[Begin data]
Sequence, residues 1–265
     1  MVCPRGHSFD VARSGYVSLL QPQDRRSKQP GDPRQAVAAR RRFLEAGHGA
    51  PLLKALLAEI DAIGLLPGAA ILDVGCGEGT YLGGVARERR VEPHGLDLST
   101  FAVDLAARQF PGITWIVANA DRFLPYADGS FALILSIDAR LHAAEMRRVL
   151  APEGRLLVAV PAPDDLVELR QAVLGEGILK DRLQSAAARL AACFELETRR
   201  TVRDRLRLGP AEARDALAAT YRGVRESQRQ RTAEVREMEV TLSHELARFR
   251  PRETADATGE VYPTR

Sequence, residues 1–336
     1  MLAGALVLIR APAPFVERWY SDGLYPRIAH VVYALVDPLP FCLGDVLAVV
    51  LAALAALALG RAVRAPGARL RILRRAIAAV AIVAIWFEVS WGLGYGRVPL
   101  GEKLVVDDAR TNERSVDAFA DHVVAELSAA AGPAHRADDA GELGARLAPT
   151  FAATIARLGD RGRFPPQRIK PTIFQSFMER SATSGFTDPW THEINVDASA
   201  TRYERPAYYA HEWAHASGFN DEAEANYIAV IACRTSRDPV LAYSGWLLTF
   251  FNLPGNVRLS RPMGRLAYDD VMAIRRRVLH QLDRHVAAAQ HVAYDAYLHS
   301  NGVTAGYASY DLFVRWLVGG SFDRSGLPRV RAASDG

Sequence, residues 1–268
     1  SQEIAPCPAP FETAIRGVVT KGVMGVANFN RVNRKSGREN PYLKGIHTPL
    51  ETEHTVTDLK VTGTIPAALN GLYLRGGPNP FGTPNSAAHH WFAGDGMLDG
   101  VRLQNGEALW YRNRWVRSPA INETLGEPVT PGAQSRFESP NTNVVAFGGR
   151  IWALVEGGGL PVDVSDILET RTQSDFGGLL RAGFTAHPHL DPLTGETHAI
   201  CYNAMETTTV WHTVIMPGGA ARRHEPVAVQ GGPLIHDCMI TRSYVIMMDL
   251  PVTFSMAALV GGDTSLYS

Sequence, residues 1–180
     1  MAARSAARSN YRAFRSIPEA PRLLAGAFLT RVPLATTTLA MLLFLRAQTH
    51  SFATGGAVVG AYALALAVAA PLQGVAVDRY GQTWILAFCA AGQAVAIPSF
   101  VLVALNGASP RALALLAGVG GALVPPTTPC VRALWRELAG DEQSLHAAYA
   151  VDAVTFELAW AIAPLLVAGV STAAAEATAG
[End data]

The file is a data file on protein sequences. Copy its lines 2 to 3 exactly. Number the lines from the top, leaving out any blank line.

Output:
     1  MVCPRGHSFD VARSGYVSLL QPQDRRSKQP GDPRQAVAAR RRFLEAGHGA
    51  PLLKALLAEI DAIGLLPGAA ILDVGCGEGT YLGGVARERR VEPHGLDLST